Christianity Today recently published an article about following Jesus, similar to the one by Relevant Magazine that we blogged on a few weeks back.
It poses the question, “How do we go about following Jesus when he tells us, “No.”? (Boy, I bet that question NEVER comes up in seminary!) It doesn’t fit our paradigm that Jesus would ever turn someone away sad. Send them home. Send them packing. But He did and He does, if he is the real Jesus that you are following and not one of a hundred imaginary Jesuses you may have running around inside your head.
We know about the rich young ruler, all fired up to follow Jesus, but whom Jesus discouraged and basically turned away.
We know about the man Jesus healed/cast demons out of in Luke 8.
We know He also told His disciples that they couldn’t follow Him (when they wanted to die for him, and go out in a blaze of glory, battling the Romans and those in bed with them). He also told them they had to wait, later, after He arose, rather than going out in their own strength and power versus empowered by the Holy Spirit.
As this year begins, I can’t think of a better spiritual exercise than to contemplate if you are either holding back from Jesus, at the fringes, reluctant to step out, to go overseas, due to lack of trust or maybe already having your own life plans all mapped out,
if you are ready to go (and happy to do so), maybe running from something?
What type are you?
Neither “type” above fits God’s model of discipleship. Obedience is what God wants, not sacrifice (1 Sam. 15:22). A little mercy, justice, and humility would be nice too (Hosea 6:6, Micah 6:8).
- A dysfunctional family
- Stage-of-life responsibilities
- Personal heartaches
- Relational losses
- Unfulfilled aspirations
- Struggling marriages
- An uninspired workplace
Or maybe the places you’d like to avoid are within you? That kind of baggage goes with you no matter how much you have to pay the airlines.
Maybe there is family that needs mending. Maybe a broken love relationship. Sometimes the best way to see God’s power is in those weak moments. Those places of brokenness and vulnerability. Trusting God in the small things at home, which really end up being “tip-of-the-iceberg” BIG things that God ends up doing.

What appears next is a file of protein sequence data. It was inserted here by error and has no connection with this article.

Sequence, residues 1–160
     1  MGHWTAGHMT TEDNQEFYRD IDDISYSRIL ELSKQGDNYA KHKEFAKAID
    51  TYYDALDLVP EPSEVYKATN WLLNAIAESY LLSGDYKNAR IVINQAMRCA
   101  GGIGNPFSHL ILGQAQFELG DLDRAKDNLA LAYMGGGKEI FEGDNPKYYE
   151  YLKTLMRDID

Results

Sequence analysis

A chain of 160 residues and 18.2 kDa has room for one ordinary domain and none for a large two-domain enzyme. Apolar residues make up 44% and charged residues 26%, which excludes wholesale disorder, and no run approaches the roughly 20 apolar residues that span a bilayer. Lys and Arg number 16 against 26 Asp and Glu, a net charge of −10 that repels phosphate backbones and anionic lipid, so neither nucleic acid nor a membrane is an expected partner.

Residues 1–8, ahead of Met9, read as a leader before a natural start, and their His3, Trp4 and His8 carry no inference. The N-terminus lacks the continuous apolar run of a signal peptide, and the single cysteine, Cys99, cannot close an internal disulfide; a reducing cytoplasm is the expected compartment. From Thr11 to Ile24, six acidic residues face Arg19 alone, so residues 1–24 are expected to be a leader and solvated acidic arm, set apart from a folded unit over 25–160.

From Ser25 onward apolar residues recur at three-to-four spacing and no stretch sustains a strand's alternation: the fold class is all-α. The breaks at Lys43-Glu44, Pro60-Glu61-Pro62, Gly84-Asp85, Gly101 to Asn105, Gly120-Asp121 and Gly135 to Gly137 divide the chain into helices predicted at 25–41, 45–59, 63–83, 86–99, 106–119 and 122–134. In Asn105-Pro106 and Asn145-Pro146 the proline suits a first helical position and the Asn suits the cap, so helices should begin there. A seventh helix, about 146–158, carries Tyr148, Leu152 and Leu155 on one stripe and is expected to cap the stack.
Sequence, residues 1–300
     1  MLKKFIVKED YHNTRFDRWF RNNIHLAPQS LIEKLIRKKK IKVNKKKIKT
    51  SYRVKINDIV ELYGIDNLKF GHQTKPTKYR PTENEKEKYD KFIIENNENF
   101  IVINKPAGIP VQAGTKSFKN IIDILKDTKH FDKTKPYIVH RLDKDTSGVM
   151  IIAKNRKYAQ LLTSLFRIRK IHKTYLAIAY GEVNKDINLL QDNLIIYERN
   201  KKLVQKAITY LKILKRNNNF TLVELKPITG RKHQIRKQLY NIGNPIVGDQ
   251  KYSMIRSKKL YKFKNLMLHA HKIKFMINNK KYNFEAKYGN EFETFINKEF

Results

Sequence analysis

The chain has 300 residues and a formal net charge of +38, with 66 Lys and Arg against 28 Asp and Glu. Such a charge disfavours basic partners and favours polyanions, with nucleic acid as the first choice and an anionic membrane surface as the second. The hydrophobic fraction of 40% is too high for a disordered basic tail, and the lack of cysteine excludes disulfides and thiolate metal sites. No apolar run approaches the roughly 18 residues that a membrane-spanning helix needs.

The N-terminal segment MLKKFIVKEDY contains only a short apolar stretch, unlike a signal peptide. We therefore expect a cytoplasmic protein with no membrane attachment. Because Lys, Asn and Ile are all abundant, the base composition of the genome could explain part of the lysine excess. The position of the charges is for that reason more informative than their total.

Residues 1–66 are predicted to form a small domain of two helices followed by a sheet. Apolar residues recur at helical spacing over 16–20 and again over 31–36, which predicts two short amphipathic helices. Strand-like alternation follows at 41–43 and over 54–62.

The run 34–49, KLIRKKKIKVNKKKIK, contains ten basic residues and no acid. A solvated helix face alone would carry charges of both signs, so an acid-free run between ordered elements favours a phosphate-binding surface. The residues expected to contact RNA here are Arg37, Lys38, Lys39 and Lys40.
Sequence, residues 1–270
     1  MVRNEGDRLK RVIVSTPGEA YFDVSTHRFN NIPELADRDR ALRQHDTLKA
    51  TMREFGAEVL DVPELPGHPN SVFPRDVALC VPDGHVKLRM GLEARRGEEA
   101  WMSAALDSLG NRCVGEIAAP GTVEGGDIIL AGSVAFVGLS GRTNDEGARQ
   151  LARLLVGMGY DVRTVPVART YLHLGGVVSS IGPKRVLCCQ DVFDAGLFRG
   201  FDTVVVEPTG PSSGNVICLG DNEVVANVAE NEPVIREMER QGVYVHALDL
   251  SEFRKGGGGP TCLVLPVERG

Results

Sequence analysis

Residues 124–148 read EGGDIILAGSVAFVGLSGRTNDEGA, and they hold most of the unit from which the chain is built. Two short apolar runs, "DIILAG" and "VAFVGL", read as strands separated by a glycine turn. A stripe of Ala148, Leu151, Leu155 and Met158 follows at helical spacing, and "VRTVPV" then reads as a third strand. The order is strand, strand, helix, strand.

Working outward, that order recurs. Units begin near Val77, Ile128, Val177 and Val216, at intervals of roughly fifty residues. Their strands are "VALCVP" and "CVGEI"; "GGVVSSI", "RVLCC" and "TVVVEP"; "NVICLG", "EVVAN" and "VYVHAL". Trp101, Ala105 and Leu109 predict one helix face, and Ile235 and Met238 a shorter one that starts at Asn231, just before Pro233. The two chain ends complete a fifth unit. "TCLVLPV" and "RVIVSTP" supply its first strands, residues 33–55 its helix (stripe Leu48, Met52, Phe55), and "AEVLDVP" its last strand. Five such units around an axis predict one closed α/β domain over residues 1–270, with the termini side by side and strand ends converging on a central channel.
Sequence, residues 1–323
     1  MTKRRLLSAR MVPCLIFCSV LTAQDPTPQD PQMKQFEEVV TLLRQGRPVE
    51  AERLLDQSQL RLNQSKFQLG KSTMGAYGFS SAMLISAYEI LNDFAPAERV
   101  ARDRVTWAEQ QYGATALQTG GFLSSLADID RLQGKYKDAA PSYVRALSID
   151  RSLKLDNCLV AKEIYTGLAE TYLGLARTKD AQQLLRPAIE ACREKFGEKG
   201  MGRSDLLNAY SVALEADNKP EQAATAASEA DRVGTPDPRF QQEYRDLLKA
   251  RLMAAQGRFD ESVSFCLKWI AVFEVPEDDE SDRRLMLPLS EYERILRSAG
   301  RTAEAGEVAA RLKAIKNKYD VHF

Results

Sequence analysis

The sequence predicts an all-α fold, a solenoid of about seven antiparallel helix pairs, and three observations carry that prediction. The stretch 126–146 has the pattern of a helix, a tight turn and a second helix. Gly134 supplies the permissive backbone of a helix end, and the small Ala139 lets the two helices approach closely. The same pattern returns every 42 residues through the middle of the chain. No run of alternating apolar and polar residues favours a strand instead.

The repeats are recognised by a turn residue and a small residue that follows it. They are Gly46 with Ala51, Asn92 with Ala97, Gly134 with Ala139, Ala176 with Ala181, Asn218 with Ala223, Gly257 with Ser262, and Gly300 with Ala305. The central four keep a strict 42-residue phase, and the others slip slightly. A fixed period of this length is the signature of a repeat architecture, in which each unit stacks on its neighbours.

DID YOU KNOW…
Jesus returned to Nazareth, and to Capernaum, and even to Jerusalem – Places where he was accused of being an illegitimate son, those who doubted his calling, to family that thought he was crazy, to brothers that knew better than he did, to those who hated him and wanted him dead. So He went before us. There is a precedent. To live courageously. Faithfully. Going back to address the stuff that needed closure.
Then, and only then, as He listened to the Spirit’s voice, did He confidently go to Jerusalem to fulfill all that God had still left for Him to do. May we go and do, likewise.
The original article (by Jeff Strong) that inspired this post is at: http://www.christianitytoday.com/ct/2015/january-web-only/when-jesus-says-dont-follow-me.html
And some of his podcasts/sermons can be found here: http://grindstonechurch.com/podcast.php?pageID=5
If you wonder what I’m talking about in saying “Imaginary Jesuses” above, realize that there are as many “Jesuses” as there are people. We all make up a version of Jesus that agrees with us (mostly) and loves to do the stuff we like to do, play Minecraft, watch movies, friend on Facebook, stir up the lazy, lackadaisical church with, gossip about self-righteous people with, go to Toby Mack or Lacrae concerts with,…Matt Mikalatos (Amazon) does a pretty decent job of explaining all this is a strange, fast-paced book that’s part Fight Club, part The Tick comic book by Ben Edlund, with a dash of Matrix II tossed in so it doesn’t drag near the end.
Order his book from Amazon here: http://www.amazon.com/Imaginary-Jesus-Spiritual-Adventures-Searching/dp/1414364733/ref=asap_bc?ie=UTF8 (Don’t worry, we don’t make anything off this product placement.)
Feel free to write us or comment if this post helped you in any way.